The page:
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Dean Martin's daughter slams John Legend's 'Baby, It's Cold Outside' rewrite

Martin called the new lyrics 'absurd.'
Credit: Charles Sykes/Invision/AP
Deana Martin attends the Friars Club Entertainment Icon Award ceremony honoring Billy Crystal at the Ziegfeld Ballroom on Monday, Nov. 12, 2018, in New York. (Photo by Charles Sykes/Invision/AP)

Dean Martin's daughter, Deana Martin, is not happy with John Legend and Kelly Clarkson's take on her father's Christmas classic. 

Legend recently played a new version of "Baby, It's Cold Outside" he recorded with Clarkson during an interview with Vanity Fair.

Written by Frank Loesser in 1944, the classic Christmas duet is about a man who tries to convince a woman to spend the night at his place, because it's too cold to leave. The woman gives a series of excuses why she must go. Over the years, the duet has been performed by a number of famous duos, including Louis Armstrong and Velma Middleton, Ray Charles and Better Carter and Lady Gaga and Joseph-Gordon Levitt. 

The song has received backlash in recent years, with some saying the line where the woman asks "What's in this drink" hasn't aged well. 

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The line was replaced with a new verse in Legend's version:

"What will my friends think..." Clarkson sings.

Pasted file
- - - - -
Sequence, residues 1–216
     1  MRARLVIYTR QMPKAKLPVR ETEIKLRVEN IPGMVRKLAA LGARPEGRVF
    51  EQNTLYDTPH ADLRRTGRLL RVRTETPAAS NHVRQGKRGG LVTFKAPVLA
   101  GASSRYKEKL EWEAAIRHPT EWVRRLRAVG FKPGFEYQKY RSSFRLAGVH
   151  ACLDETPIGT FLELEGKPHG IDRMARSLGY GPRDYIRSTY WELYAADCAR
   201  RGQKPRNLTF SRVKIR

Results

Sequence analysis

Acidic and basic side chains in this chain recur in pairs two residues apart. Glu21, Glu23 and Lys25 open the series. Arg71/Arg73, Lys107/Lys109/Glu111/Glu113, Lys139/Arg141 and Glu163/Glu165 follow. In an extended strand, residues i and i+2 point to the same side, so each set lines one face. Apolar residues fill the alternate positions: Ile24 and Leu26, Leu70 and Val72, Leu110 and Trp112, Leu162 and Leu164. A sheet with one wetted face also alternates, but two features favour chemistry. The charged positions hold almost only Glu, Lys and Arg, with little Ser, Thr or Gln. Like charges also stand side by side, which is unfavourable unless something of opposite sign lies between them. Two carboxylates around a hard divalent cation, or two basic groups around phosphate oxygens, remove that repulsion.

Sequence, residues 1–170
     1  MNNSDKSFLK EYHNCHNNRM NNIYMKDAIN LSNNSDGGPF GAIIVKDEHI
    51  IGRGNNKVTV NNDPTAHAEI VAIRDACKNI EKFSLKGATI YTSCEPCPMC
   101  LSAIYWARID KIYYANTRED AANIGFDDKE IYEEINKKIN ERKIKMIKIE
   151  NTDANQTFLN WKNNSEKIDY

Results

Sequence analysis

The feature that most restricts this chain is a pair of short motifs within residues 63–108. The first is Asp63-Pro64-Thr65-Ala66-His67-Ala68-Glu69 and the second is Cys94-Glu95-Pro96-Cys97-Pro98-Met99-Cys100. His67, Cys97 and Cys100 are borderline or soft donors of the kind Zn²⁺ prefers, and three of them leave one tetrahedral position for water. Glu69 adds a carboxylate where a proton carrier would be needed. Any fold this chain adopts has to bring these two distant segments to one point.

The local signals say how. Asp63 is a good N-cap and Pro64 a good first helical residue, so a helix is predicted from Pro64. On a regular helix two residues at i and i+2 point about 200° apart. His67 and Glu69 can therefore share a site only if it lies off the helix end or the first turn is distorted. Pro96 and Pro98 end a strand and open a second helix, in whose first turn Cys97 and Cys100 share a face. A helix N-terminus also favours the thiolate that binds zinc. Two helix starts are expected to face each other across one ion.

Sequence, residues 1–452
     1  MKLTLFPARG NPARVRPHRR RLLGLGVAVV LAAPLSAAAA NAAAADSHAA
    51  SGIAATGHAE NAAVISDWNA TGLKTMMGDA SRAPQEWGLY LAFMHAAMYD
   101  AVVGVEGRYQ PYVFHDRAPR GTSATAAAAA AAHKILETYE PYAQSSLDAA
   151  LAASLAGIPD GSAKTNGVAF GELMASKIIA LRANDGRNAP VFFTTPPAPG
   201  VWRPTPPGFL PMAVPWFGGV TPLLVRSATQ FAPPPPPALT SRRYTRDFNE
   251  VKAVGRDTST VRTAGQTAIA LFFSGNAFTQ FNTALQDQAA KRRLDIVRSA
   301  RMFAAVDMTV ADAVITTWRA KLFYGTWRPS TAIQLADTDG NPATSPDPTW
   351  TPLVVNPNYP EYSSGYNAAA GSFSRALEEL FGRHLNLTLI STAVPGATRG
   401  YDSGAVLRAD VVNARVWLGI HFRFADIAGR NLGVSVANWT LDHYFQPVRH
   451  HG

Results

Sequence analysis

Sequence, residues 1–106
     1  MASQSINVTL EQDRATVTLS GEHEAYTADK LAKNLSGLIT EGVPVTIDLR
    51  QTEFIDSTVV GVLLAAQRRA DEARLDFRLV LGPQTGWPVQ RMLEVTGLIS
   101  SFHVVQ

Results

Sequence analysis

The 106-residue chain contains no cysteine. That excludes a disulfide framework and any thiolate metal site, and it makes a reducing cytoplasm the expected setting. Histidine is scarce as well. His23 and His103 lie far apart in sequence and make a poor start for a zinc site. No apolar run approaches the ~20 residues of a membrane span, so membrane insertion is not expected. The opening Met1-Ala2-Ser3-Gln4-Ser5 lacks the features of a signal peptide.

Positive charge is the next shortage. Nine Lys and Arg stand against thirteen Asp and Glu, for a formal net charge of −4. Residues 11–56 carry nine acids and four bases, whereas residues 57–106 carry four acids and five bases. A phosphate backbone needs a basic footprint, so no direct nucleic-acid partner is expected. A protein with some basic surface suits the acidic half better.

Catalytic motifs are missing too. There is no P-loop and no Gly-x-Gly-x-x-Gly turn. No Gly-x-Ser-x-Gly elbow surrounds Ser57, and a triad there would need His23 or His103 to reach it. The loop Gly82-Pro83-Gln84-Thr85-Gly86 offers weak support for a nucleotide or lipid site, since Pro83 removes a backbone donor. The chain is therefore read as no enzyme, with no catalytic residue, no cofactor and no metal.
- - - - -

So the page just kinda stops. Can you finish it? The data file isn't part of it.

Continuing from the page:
"I think they should rejoice," Legend responds

"...if I have one more drink," Clarkson continues

"It's your body, and your choice," Legend adds. 

In an interview with "Good Morning Britain," Martin called the rewrites "absurd." 

“He’s stealing the thunder from Frank Loesser’s song and from my dad," she said. “He should write his own song if he doesn’t like this one. Don’t change the lyrics.” 

“My dad didn’t care about things like that,” she added. “He would have said it was absurd. I think John should have just left it alone.” 

Other supporters of the song have pointed out the lyrics need to be read through the lens of it's time, when women were not allowed to be openly sexual. In 2018, Chris Wilman wrote in Variety that the song is "feminist, really" saying the song "is the story of a woman doing battle — not with a guy who won’t take no for an answer, but with the expectations of a society that won’t take yes for an answer." The woman wants to stay, but cannot overtly express her sexuality, and the man is giving her the appropriate excuses she needs in order to stay without guilt. 

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